New app lets you check air quality as easily as checking the weather

UCLA Health article

Yareli Sanchez lives in Los Angeles and jogs regularly, but she never used to know if the day’s air quality was bad until after she had already set out for a run — her chest would tighten and it would become hard to breathe. She knew poor air quality triggered her asthma, but she didn’t have a convenient way to check the day’s pollution levels.

For the past few months, instead of using trial-and-error, she’s checked UCLA’s new AirForU app, which uses GPS data to give her local air quality ratings. The app is useful for anyone in the U.S. who sees a hazy skyline and wonders how safe it is to breathe outside air.

“I depend on the AirForU app now, and I use it every time I plan on running,” said Sanchez, who helped test it before its launch. “The app is really convenient for helping me manage my asthma and minimize my exposure to pollution.”

The free app, released today on iPhone and Android, delivers local air-quality measurements directly to the user’s phone. It provides real-time updates every hour and a prediction for the next day. Asthmatics, families planning a trip to the playground, people who exercise outside and anyone else concerned with air quality can use the app to make decisions about where and whether to go outdoors.

“The AirForU app tells people how bad the air quality is in the places they care about, like their neighborhood, their place of work or their favorite park,” said Magali Delmas, a professor of environmental economics at UCLA and head of the team that created the app. “And when we see wildfires in the next few months, this will be a useful tool because there will be a lot of variation in the air quality from one neighborhood to another based on the location and size of the fire.”

The app draws data from monitors set up nationwide and tracked by the Environmental Protection Agency. Users can also search for air quality in specific cities or zip codes, and push notifications alert the user air pollution if becomes unhealthy for sensitive groups.

AirForU is a joint project between UCLA’s Institute of the Environment and Sustainability and UCLA Health. UCLA doctors plan to recommend the app to patients with heart or lung problems.

“Research has shown that, on days with poor air quality, outdoor activity puts people at higher risk of inhaling particles that cumulatively lead to increased risk of lung cancer, heart disease, stroke, and many other health problems,” said pediatric pulmonary asthma expert Dr. Sande Okelo, director of the Pediatric Asthma Center at Mattel Children’s Hospital UCLA. “But many of our patients don’t have a convenient way to check the daily air quality. I expect the AirForU app will be very important in helping them make better decisions about exposure to pollution.”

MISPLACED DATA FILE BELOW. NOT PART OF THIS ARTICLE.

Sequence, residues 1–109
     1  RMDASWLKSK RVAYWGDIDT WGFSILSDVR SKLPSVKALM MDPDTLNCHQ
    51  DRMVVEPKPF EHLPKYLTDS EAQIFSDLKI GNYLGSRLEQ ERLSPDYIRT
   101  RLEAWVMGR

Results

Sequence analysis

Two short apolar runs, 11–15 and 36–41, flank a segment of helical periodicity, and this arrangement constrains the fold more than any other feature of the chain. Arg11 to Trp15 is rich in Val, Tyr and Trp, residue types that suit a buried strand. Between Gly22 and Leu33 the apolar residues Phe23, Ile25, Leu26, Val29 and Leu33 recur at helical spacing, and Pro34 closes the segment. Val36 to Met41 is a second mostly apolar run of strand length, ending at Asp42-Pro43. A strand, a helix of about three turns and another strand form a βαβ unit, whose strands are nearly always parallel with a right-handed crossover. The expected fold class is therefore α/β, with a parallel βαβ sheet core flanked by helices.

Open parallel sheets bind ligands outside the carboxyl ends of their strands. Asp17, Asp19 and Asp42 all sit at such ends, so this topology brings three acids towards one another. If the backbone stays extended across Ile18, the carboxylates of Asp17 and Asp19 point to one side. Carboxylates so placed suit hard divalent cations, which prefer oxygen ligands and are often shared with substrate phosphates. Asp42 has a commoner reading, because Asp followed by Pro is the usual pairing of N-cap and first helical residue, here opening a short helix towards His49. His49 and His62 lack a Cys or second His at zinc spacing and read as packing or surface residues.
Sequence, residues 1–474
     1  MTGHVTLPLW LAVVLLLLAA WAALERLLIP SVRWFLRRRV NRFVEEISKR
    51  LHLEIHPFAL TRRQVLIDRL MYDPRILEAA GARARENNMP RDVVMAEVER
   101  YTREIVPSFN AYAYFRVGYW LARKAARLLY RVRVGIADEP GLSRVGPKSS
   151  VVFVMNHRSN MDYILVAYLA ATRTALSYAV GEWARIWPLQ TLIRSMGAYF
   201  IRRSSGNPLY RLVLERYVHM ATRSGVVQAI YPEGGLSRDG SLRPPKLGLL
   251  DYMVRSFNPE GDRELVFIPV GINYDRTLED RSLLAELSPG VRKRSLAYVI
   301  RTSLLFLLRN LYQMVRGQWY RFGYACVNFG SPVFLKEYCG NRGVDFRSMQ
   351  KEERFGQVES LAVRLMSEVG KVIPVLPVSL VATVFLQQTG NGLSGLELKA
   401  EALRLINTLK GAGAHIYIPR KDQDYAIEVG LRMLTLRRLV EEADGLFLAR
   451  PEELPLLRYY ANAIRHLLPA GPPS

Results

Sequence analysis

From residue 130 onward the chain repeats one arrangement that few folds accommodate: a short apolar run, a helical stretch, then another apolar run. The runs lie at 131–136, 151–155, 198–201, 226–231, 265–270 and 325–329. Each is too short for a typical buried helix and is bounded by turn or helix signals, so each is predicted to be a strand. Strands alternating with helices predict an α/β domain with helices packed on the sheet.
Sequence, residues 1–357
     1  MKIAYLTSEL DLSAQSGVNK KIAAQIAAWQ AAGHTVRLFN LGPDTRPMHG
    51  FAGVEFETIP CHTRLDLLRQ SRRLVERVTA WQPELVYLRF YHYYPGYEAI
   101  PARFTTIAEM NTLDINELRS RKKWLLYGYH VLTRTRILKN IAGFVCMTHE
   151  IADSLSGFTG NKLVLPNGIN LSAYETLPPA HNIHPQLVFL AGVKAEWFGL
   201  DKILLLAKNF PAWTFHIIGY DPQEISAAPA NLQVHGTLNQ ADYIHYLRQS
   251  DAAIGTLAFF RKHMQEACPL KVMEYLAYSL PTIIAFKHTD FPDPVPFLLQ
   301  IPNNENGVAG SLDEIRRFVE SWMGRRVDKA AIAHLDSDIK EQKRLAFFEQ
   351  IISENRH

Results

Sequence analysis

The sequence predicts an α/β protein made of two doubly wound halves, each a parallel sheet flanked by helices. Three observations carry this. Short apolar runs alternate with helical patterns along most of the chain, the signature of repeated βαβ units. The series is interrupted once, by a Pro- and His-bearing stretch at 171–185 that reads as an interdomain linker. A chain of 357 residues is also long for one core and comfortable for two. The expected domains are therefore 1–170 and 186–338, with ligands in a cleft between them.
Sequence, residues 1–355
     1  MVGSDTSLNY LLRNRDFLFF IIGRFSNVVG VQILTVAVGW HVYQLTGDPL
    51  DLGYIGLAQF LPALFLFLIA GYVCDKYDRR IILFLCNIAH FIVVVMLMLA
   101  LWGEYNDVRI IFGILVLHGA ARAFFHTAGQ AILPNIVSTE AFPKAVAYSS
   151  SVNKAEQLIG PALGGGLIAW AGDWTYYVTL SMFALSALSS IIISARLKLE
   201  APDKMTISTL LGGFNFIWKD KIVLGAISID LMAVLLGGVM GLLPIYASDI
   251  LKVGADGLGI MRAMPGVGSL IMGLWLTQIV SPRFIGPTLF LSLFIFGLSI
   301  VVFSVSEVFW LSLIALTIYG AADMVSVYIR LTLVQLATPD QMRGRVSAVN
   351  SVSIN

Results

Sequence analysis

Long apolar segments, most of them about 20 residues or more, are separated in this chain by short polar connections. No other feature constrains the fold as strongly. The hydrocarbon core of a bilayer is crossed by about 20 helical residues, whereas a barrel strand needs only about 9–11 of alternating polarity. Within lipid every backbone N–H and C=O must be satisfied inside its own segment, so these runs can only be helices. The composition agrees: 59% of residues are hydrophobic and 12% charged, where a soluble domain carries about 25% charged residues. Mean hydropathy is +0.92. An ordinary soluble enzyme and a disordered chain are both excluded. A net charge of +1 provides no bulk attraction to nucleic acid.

The AirForU developers also devised the app to be part of a research project to learn how much people know about and react to the health effects of poor air quality. The app encourages users to participate by asking them to respond to questions such as whether they decided to stay inside due to poor air quality, whether they suffered an asthma attack that day, or whether they installed indoor air filters.

“One of the hurdles in research is getting people to sign up, participate, and follow through, but since everyone has their smartphones on them all the time, mobile phones are becoming a new way to do research,” said Aanchal Kohli, a researcher on the project and a UCLA doctoral candidate in environmental science and engineering.

“We want to understand what steps people are taking to protect themselves from air pollution, or whether they even know how it affects them,” Kohli said.

The app provides a six-level air quality measurement scale, from good to hazardous. Separate tabs give pointers about how to respond (for example, “reduce outdoor exertion”), the locations of large manufacturing facilities emitting toxic chemicals nearby and frequently asked questions. Research has shown that poor air quality disproportionately affects asthmatics, heart and lung disease patients, pregnant women, young children and the elderly.

Delmas was inspired to help people make better decisions about how to respond to poor air quality during a visit to family in India. When the air appeared to clear after several particularly smoggy-looking days, she and her husband were unsure whether it was safe to go outside for some exercise.

“My husband said the air was good enough to go running, while I disagreed and worried it would trigger his asthma, but we didn’t have any scientific evidence either way,” Delmas said. “That got me thinking that there must be some way to track why some days he’ll have an attack and some days he won’t.”

She hopes to make the app available in India and China, where air pollution is an even bigger problem than in the United States.

“We want to know how people react to knowing the air quality levels so we can understand the most effective ways to protect people,” Delmas said.

Delmas and Kohli’s team includes postdoctoral scholar Stephen Locke, recent UCLA electrical engineering Ph.D. graduate Victor Chen, and computer science undergraduates Walter Qian and Qingwei Lan.

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